.....and that is a compelling argument to go that way.

    As others have posted having a computer to do CAD/CAM is more germane, they often require more computing power than running a Gcode machine.
    Having said that Fusion 360, being free to hobbyists is cutting a swath amongst hobbyists users....and its cloud based, so you don't need a powerful
    computer to run it either!

    I have reservations about Fusion 360, less about the subscription model, but rather the vagaries of cloud computing. Having said that, I have just renewed
    my subscription ($685 NZD including local tax). I use it daily for work purposes and bang-for-your-buck its probably the best CAD/CAM package out there.

    Here are some 'broad brush' estimates for a computer/software/motion controller/breakout boards:

    1) Windows 7 desktop PC $50
    Mach4 $200
    Ethernet SmoothStepper motion controller $180
    MB3 breakout board $180

    TOTAL $610

    2) Windows 7 desktop PC $50
    UCCNC software $60
    UC300 motion controller $160
    UB1 breakout board $180

    TOTAL $450

    3) Windows 7 desktop PC converted to Linux with RTE $50
    LinuxCNC software Free
    Mesa motion controller (approx depending on model) $300

    TOTAL $350

    There are other solutions as well, Acorn CNC has a good reputation for instance, and is nearly a turn-key solution from one manufacturer and price competitiuve with
    those I've already mentioned.

    Note that all of these solutions the PC itself is a modest part of the overall cost, with the motion controller/breakout boards and/or the software cost dominating.
    Note also that these are just my estimates....you could for instance spend less on breakout boards but I have priced good quality units that have seen widespread adoption.

    As I posted earlier I favor Mach4, and given that its more expensive than most you might ask why? Firstly, its not actually that expensive, I paid $200USD for it six/seven
    years ago and have been using it ever since. I'm building a new mill and one servo, just one of three, cost $478USDS plus $80USD shipping! When weighed against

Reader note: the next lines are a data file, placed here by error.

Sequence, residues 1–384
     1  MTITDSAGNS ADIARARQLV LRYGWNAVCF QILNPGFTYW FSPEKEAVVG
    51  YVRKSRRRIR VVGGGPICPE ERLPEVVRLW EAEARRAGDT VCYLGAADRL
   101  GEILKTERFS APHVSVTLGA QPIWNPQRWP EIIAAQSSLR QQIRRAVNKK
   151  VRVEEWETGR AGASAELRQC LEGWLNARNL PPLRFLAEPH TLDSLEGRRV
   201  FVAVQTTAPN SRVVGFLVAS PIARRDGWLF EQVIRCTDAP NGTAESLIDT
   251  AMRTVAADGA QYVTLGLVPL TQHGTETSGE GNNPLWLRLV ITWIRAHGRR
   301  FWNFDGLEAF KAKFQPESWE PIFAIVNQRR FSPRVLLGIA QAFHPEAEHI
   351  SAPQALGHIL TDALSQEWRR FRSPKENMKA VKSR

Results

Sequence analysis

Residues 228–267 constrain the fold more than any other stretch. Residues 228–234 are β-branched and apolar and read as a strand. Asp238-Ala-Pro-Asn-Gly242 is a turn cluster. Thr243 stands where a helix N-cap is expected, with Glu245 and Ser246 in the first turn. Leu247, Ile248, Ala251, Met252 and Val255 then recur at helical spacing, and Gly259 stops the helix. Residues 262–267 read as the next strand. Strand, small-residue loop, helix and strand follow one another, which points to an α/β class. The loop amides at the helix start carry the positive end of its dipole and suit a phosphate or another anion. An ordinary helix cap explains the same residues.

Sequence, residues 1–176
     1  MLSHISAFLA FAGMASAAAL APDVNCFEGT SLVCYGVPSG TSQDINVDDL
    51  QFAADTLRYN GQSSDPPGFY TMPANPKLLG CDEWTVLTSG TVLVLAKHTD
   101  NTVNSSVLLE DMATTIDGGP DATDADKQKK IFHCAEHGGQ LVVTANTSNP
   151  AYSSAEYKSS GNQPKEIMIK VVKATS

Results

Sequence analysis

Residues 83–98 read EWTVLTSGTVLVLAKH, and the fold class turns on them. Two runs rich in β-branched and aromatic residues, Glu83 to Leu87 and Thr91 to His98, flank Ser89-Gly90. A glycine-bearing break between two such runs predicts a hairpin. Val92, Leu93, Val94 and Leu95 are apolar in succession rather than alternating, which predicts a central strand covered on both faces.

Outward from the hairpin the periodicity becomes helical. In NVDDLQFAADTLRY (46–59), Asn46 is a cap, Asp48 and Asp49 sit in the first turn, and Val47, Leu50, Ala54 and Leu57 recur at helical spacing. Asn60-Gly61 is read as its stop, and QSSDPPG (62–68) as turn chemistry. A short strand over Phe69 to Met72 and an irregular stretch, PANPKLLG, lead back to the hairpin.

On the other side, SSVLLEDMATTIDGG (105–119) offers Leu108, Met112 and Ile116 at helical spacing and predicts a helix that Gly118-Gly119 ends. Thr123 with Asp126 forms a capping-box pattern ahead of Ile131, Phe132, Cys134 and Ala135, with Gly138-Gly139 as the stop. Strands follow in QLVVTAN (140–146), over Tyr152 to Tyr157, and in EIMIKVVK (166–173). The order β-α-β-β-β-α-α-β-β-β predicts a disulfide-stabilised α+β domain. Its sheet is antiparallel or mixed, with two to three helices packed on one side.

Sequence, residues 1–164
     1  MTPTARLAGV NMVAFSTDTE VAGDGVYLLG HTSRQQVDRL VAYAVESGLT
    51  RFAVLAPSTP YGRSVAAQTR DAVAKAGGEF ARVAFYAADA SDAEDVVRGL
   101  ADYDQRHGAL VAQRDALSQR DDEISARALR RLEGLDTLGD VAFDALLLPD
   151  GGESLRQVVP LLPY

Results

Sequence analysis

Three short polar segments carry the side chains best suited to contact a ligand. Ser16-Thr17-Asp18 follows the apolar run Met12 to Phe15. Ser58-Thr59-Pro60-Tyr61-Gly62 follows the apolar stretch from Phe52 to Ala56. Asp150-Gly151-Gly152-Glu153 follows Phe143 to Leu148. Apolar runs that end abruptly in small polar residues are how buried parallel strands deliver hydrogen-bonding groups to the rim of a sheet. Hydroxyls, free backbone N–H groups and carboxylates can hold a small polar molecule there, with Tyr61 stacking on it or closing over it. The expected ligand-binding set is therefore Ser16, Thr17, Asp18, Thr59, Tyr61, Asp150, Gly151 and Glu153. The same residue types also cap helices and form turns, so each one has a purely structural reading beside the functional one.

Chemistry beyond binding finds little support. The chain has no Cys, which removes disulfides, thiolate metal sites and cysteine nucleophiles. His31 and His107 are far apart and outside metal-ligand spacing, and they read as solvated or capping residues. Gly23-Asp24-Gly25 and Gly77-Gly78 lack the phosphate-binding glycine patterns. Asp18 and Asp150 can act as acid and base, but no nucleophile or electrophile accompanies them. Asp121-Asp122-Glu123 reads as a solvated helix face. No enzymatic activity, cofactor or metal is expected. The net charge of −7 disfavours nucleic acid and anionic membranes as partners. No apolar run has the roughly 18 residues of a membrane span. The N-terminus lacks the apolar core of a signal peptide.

the investment I have made in my machine, my existing mini-mill and most recently my new build mill, the cost of Mach4 pails into insignificance.
    NFS, the manufacturer of Mach4, does not make motion controllers, so there are six credible manufacturers of motion controllers, whereas UCCNC REQUIRES a motion
    controller manufactured by the same company. I favor open competition.
    Mach4 is very flexible and has a great scripting language and editing facility, even better than UCCNC, and UCCNC is good at that also. In terms of flexibility though
    LinuxCNC has to take the cake.......but you need to be an expert programmer to get there.....and that puts a lot of people off.

    Irrespective of the differences between the solutions I've posted I think you'd be more than happy with any of them, when properly set-up and tuned ANY of these
    solutions will control a machine to make excellent parts.

    The real-deal is the machine that you want to control. If you read many posts on this forum you will find thousands who have bought cheap Chinese CNC machines
    and many have been bitterly disappointed. It comes down to quality, rigidity and reliability.....you just cannot get those at bargain basement prices.